Filming with the Military

By Eric Huyton Posted at 12/11/2018 Aerial Filming

I wrote this after a long filming day with 47 Air Dispatch who were based at RAF Lyneham. We were on a tight schedule and had to fit in with last minute operational changes of aircraft so being absolutely ready to go at all times was essential. The reward was several low level sorties around the Wiltshire countryside.

With advice from Flt Tigs Douglas-Sim, Media Communications Officer, RAF Lyneham

RAF Hercules takes off in desert

There are occasions when film makers want to fly with military aircraft, either as transport to an area which is controlled by the armed forces or to film the aircraft itself.

Contact the Media Office

Generally, you will find the Royal Air Force helpful and they will usually do their very best to fulfil any reasonable request you may put to them. All filming requests should be presented in the first instance to the Station Media Office which you can find from the main switchboard or sometimes from the station’s website. For example, if you wish to fly with a Hercules Squadron, then you will probably be contacting the media office at RAF Brize Norton in Oxfordshire

Briefing

Be as clear as you can about what you want to achieve. Is it air to air, ground to air, do you want to film the aircraft landing or taking off, what environment or country are you thinking of, do you want to film tactical operations or manoeuvres, in fact it's the same checklist as for civil aerial filming.

Budget

Then it’s a question of budget. To hire a military aircraft solely for your own tailor made filming trip is possible but the costs may be prohibitive. For example a C130J Hercules will cost you around £ 10,000 per hour or a Puma helicopter around £ 3,500 per hour.

If you’re flexible with your wish list and don’t need to film immediately, it may well be possible to be included in an existing scheduled operation in the near future. Because the operation is already booked as a military sortie, you’ll find the cost of joining in is far more acceptable, even to the point of making a reasonable (substantial) donation to the RAF Benevolent Fund. Military sorties are usually planned up to 4 months ahead so your RAF contact will be able to let you know if a suitable operation is coming up.

Restrictions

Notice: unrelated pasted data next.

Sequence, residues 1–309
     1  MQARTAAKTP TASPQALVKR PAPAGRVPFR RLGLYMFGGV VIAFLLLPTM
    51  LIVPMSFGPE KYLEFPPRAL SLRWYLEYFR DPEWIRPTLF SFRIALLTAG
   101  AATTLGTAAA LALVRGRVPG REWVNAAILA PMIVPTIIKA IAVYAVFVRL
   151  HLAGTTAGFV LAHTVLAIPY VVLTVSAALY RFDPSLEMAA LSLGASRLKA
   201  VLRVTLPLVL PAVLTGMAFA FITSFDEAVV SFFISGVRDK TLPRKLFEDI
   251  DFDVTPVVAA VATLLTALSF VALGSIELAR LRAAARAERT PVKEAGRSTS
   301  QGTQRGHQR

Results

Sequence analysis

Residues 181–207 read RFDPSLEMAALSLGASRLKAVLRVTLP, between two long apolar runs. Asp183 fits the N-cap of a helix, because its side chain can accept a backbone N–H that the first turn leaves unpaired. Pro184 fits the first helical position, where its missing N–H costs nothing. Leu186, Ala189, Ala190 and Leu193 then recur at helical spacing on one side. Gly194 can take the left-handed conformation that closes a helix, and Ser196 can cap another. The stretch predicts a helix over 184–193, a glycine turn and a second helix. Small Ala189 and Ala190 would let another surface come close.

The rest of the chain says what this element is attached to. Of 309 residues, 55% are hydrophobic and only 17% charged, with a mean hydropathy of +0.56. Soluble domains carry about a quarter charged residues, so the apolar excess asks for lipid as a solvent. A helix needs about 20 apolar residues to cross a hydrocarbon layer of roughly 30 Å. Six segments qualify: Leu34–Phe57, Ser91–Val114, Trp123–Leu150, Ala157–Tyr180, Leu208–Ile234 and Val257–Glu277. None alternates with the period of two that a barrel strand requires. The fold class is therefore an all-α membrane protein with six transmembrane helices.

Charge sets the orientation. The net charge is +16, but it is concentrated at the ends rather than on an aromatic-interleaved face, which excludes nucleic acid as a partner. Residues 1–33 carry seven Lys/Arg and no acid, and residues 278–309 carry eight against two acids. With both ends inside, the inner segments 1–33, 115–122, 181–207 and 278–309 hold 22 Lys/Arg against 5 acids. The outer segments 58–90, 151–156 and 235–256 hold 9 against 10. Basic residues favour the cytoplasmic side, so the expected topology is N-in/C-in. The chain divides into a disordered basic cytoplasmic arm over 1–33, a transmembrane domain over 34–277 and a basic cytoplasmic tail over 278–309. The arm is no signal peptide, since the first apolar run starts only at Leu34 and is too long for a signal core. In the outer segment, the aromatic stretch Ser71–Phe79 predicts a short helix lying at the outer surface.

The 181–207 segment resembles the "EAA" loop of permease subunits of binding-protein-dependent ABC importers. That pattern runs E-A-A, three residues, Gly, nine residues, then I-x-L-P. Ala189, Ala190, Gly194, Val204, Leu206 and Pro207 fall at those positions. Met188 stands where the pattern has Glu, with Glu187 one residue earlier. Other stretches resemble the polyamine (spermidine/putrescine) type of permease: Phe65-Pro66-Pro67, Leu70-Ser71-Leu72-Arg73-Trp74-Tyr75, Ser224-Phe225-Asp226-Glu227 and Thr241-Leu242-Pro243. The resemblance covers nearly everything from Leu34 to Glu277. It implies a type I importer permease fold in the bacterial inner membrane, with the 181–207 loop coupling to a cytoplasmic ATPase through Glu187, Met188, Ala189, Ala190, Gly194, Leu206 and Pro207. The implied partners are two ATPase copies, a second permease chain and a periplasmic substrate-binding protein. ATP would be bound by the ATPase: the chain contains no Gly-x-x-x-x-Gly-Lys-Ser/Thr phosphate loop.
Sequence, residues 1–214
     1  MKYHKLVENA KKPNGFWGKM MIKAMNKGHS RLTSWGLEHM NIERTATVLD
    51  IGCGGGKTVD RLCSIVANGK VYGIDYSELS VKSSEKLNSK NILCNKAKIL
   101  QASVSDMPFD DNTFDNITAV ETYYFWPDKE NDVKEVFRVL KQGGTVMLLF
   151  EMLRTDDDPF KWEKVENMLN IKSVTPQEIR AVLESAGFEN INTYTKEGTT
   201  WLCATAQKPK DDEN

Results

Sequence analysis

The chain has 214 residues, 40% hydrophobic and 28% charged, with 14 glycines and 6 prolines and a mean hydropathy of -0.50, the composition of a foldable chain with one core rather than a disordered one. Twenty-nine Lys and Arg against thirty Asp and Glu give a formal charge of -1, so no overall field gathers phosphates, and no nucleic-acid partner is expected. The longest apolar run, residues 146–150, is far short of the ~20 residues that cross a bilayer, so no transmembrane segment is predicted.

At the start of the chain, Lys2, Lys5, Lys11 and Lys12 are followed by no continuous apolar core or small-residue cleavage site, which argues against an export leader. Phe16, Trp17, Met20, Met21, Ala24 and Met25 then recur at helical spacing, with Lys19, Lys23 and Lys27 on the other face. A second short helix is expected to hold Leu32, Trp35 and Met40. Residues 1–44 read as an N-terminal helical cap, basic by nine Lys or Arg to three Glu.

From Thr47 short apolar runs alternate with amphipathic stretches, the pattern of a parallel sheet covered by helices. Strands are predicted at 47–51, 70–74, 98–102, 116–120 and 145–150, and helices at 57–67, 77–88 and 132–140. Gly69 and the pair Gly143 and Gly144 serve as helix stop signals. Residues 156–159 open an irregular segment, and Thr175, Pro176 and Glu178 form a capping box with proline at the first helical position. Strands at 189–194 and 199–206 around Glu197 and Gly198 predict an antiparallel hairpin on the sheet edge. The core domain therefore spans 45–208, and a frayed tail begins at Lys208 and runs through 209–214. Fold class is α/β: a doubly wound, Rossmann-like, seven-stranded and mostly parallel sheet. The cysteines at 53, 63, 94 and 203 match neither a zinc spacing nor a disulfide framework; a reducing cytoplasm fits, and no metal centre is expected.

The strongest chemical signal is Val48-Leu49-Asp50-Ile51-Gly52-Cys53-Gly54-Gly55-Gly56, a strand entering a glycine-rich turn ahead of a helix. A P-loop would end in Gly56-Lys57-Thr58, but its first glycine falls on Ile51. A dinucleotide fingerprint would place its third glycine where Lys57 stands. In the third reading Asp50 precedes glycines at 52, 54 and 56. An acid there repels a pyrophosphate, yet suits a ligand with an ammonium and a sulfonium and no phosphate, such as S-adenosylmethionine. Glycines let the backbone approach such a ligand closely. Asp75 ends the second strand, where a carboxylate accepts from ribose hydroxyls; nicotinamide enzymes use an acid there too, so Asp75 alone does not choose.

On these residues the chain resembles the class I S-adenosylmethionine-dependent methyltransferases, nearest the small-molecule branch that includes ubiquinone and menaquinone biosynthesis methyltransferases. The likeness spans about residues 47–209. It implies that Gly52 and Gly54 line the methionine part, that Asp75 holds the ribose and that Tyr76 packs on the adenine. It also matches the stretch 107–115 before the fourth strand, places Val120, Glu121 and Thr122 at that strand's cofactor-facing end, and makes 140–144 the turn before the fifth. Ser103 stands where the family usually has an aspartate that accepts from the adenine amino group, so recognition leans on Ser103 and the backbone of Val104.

The RAF can carry civilian passengers and are not subject to the same AOC as civil aircraft so the Public Transport or Aerial Work rules do not apply. With civilians on board, regulations dictate that the aircraft will not fly below 500ft.

Insurance

You’ll need to be insured and able to show that your production insurance covers your crew for flying in military aircraft and the RAF will want to see proof of this. A typical insurance premium for operating in a war theatre is around £ 5,000 per person per week. Although the RAF have a duty of care, you or your equipment will not be insured by them.

Combat Camera Team

One way round the low flying and insurance issues is to use a camera operator from the RAF’s Combat Camera Team. The 500ft minimum no longer applies as there are no civilians on board. There is a fee for this service and this varies depending on what you require. Military camera operators are experienced in all sorts of aircraft and scenarios and will probably do a very good job on your behalf. They’ll also be able to show you examples of what they’ve done before to give you an idea of what can be achieved.

Almost always, they will film hand held from a shoulder mounted camera which means you won’t be able to use long lenses. The RAF have their own cameras although you can supply your own camera kit if you wish. Don’t forget you will have to insure it!

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Eric Huyton

I'm highly experienced in lighting for all genres of programming from observational documentary to drama and commercials. I'm comfortable with all formats from HDV through to High Definition and 4K and have extensive experience on 16mm and 35mm film. During my work for the BBC and National Geographic, I've travelled extensively in Africa, Australia, the USA, Far East and Canada and I'm no stranger to working in difficult and sometimes sensitive situations.


Clients include:

BBC 1, 2, 4   National Geographic, Discovery, Betty TV, Films of Record, Wall to Wall, RDF, Optomen, Olaus Roe, Hurricane Media

Goldman Sachs, Weatherford International, Saint Gobain, BT, Llloyds Bank, Goodyear

Just completed filming for BBC NHU "Green Planet" with David Attenborough in Costa Rica.


Excerpt from a Healthcare film for Simply Health. Shot on Arri Amira with Zeiss primes

Excerpt from "Churchill's First World War" Shot on Canon C300 with Zeiss primes

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